Monday, December 22, 2014

Jayhawkers Raid Mallet Woods

Opelousas Courier, November 5, 1864:

THE JAYHAWKERS AT WORK - During the night of the 2d inst., a band of about 20 Jayhawkers carousing about Mallet Woods, set fire and burned the residences of Messrs. Charles Dorosier, Sylvain Saunier and Jos. B. Young leaving their respective families to take care of themselves as best they can, and prevented them even of saving the most necessary clothing. Young Saunier was shot at and wounded, while in the act of escaping.

Monday, December 15, 2014

Governor's Mansion, Opelousas, La.

KLFY News out of Lafayette, La. did a small piece on the Governor's Mansion located in Opelousas February 12, 2014.

video


The Mouton House, or The Governor's Mansion, was originally built by a wealthy planter by the name of Lastie Dupre for his daughter and son-in-law: Celimere Dupre Mouton and Homere Mouton. The Mouton home became Governore Thomas O. Moore's residence when the capital of Louisiana was moved from Baton Rouge to Opelousas in May of 1862.

Monday, December 8, 2014

Warning: Jayhawkers and Home Guards

The Opelousas Courier from May 14, 1864 made a report on the recent activities of the "Jayhawkers" in the Opelousas area but also issued a warning to the public about the Home Guards:

"JAYHAWKERS - Since about two months, over one hundred of these malefactors have been shot or otherwise disposed of by military corps and by Home Guards, in this Parish, besides a larger number in Calcasieu and Avoyelles. The results are that quiet is partly restored in quarters heretofore threatened by these marauders, and, we hope, will continue so long as good and honest Home Guards will do their duty. Upon this subject, well founded rumors infer that certain of these organizations [Home Guards] are so composed that they are much to be dreaded even by honest and poor planters. Not knowing exactly the secrets and their duties and actions, we [ineligible] from making any further comments, but would simply call the attention of those who are interested in the subject."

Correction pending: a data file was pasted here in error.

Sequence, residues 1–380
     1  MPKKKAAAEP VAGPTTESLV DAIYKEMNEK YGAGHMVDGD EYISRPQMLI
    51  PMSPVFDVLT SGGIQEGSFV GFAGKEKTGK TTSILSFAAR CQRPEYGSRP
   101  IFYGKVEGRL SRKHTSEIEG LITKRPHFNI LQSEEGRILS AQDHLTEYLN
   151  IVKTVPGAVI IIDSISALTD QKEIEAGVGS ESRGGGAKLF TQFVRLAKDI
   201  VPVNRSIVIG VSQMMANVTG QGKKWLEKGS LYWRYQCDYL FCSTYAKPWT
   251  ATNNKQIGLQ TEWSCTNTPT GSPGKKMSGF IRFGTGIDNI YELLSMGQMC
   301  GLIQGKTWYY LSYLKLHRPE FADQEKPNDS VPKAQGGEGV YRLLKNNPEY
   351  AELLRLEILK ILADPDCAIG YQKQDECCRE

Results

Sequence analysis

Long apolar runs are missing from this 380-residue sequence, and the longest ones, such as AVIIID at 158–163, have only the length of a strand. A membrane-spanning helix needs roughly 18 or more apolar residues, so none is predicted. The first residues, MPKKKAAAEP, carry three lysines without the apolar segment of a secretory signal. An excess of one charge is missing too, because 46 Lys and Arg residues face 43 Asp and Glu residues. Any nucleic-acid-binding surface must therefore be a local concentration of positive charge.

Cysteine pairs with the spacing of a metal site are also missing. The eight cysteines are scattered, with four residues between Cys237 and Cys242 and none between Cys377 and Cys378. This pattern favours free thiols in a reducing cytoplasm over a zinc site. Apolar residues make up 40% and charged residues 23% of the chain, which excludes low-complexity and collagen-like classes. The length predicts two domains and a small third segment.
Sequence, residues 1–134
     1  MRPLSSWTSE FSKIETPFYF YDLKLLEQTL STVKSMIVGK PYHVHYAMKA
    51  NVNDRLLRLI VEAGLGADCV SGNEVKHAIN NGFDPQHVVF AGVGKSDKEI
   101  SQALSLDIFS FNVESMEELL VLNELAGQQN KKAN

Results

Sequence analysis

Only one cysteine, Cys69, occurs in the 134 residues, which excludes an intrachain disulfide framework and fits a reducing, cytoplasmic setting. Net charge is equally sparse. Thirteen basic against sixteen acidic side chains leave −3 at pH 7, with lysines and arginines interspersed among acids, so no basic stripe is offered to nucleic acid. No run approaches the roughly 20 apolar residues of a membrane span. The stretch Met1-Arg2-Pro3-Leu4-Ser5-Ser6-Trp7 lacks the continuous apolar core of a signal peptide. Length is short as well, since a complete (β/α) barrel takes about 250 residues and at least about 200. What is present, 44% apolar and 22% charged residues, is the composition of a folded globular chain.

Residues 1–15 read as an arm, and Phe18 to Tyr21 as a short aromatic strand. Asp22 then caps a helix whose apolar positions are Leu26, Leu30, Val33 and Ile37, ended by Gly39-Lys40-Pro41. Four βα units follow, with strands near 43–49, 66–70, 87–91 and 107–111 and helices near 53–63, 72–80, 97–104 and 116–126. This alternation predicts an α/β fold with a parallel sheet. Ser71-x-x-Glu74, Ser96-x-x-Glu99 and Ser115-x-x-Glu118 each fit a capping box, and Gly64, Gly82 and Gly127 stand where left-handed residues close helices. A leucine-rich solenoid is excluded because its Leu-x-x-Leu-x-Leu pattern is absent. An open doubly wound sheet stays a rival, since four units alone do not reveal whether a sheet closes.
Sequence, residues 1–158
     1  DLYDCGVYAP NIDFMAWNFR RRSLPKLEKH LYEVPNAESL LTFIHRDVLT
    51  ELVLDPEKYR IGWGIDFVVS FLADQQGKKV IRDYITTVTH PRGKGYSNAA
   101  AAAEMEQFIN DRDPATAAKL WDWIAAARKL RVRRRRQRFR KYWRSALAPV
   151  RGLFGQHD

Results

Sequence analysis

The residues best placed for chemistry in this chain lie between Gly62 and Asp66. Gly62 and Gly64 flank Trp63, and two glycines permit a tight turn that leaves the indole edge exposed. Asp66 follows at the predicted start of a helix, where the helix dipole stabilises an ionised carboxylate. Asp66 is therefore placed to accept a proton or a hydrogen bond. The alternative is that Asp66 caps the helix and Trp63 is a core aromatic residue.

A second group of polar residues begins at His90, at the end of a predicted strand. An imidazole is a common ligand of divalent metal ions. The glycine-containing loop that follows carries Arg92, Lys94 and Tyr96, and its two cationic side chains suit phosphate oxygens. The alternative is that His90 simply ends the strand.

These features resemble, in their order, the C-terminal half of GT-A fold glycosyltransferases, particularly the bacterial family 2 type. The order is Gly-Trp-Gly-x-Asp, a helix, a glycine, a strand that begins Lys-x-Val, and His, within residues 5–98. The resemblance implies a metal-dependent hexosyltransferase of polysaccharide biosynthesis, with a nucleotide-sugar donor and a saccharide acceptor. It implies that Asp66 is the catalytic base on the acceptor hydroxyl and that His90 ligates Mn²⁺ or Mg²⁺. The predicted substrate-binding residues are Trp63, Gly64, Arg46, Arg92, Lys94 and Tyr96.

Wednesday, December 3, 2014

"Tarred and Cottoned" in Louisiana

MONTGOMERY WEEKLY ADVERTISER, April 29, 1863, p. 1, c. 4
                The Shreveport Gazette recently published a card signed by about a hundred foreigners, who, fearing that they might be drafted in the militia, adopted that course to notify the people that they were French subjects, and owed no allegiance to Louisiana.  The News says that Mr. B. Courtade, one of the signers of the card, was taken out of his bed and "tarred and cottoned" the same night, and the rogue's march was played before the business houses of the balance.

Monday, July 28, 2014

How to Make a Zouave

From the West Baton Rouge Sugar Planter (printed from the Richmond Inquirer) June 8, 1861:

How to Make a Zouave.—We are responsible for the following recipe for making a Zouave.  The real Zouaves (from the South) are now in Virginia and the doubtful reader may appeal to them.  It may be that we got our information from one of the French drill sergeants himself.  Thus:  Take the recruit—keep him forty-eight hours—notting to eat; den maarch him forty-eight hours—notting to eat; den let him fight like h-ll forty-eight hours—notting to eat; by dam, he one zouave.—Richmond Enquirer.

Coppens' Zouave Battalion

Coppens' Zouave Battalion
Lt. Colonel George Coppens (seated) and brother, Captain Marie Alfred Coppens.Image sold at auction on Cowan Auctions, for $14,375